World Leaders Divided About Beijing Boycott

August 10, 2008 Updated: October 1, 2015

{xtypo_sticky} Some World Leaders Attending the Games

  • Australian Prime Minister Kevin Rudd
  • King of Cambodia Norodom Sihamoni
  • Croatian President Stjepan Mesić
  • Finnish Prime Minister Matti Vanhanen
  • Japan's Prime Minister Yasuo Fukuda
  • Mauritian President Sir Anerood Jugnauth
  • Dutch Prime Minister Jan Peter Balkenende
  • South Korean President Lee Myung-bak
  • Russian President Vladimir Putin
  • Swiss President Pascal Couchepin
  • Thai Prime Minister Samak Sundaravej
  • United States President George W. Bush
  • Vietnam President Nguyễn Minh Triết
  • French President Nicolas Sarkozy


German Chancellor Angela Merkel and Canadian Prime Minister Stephen Harper both stayed away from the Olympic opening ceremony. (Michael Kappeler/AFP/Getty Images)
German Chancellor Angela Merkel and Canadian Prime Minister Stephen Harper both stayed away from the Olympic opening ceremony. (Michael Kappeler/AFP/Getty Images)

About 80 world leaders are attending the Beijing Olympics—the most of any Olympic Games in history.

But many leaders refused the invitation to attend the opening ceremony, including United Nations Secretary General Pan Ki-moon, German Chancellor Angela Merkel, Canadian Prime Minister Stephen Harper, Italian Prime Minister Silvio Berlusconi, Polish Prime Minister Donald Tusk and New Zealand Prime Minister Helen Clark.

Many leaders said they decided against attending the Beijing Olympics because of the Chinese Communist Regime’s crackdown persecution of the Tibetans.

US President George W. Bush said he would still attend the Games, because a boycott “would be an affront to the Chinese people.”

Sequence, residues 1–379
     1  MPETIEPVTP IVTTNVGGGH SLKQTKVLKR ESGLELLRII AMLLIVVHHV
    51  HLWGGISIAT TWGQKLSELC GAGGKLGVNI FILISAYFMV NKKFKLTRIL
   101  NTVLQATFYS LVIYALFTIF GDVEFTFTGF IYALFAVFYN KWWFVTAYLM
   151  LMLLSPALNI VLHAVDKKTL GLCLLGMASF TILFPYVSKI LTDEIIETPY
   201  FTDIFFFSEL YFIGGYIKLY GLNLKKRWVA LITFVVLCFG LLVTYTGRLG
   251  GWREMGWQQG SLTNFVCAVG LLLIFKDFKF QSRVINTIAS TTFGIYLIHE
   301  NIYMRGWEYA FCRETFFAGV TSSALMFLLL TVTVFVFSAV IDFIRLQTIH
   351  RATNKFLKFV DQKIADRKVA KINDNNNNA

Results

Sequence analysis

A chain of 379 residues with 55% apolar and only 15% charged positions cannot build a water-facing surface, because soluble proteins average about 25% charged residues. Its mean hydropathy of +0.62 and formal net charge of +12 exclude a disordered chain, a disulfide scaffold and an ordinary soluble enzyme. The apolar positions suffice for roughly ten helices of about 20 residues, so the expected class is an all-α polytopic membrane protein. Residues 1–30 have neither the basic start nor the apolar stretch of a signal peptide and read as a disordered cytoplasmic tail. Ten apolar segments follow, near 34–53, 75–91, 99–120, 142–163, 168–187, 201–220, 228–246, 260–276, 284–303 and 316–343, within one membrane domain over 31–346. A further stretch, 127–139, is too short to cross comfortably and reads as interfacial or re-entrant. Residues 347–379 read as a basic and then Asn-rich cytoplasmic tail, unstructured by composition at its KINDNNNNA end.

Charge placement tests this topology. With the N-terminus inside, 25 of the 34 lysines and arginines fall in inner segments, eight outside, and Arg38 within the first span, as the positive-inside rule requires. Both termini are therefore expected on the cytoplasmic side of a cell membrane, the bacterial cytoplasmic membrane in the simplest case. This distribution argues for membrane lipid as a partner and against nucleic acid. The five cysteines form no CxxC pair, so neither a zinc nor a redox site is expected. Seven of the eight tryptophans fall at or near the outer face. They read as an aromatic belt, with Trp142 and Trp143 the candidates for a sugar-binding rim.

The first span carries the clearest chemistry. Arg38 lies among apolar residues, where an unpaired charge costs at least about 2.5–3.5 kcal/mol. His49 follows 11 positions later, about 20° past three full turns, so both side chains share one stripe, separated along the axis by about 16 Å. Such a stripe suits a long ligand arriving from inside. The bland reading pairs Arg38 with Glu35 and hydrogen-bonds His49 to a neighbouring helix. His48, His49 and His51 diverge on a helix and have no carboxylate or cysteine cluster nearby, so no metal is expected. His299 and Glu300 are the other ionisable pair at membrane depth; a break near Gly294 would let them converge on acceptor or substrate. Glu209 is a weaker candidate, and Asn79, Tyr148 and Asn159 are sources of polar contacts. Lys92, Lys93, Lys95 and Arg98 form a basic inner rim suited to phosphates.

Treatise with Russia and Japan

Former Russian President Vladimir Putin debated whether he would attend the Games, even after recommendations from Russian Olympic Committee president Leonid Tyagachev that Putin should attend.

On July 21, the Russian Minister of Foreign Affairs, Sergei Lavrov, said Putin would attend the Beijing Olympics.

The same day, Chinese Foreign Minister Yang Jiechi and Russian Foreign Minister Lavrov signed a protocol on the eastern border between the two countries.

Chinese state media said the protocol “marked the completion of the China-Russia 4300km border survey,” but did not give further details.

Commentators said the deal meant China permanently signed away 100 square miles of land, an area 40 times the size of Taiwan.

In December 1999 in Beijing, China’s then president, Jiang Zemin, and Russia’s then president, Boris Yeltsin, signed the Narrative Protocol on Eastern and Western Sections of the China-Russia Boundary.

The protocol gave more than 620,000 square miles of land to Russia.

Jiang also agreed to give Russia the mouth of the Tumen River, cutting off northeast China from the Sea of Japan.

This protocol was not made known to Chinese people until years later when the Russians disclosed it. 

On June 18 of this year, China and Japan signed an agreement to develop the gas fields in the East China Sea.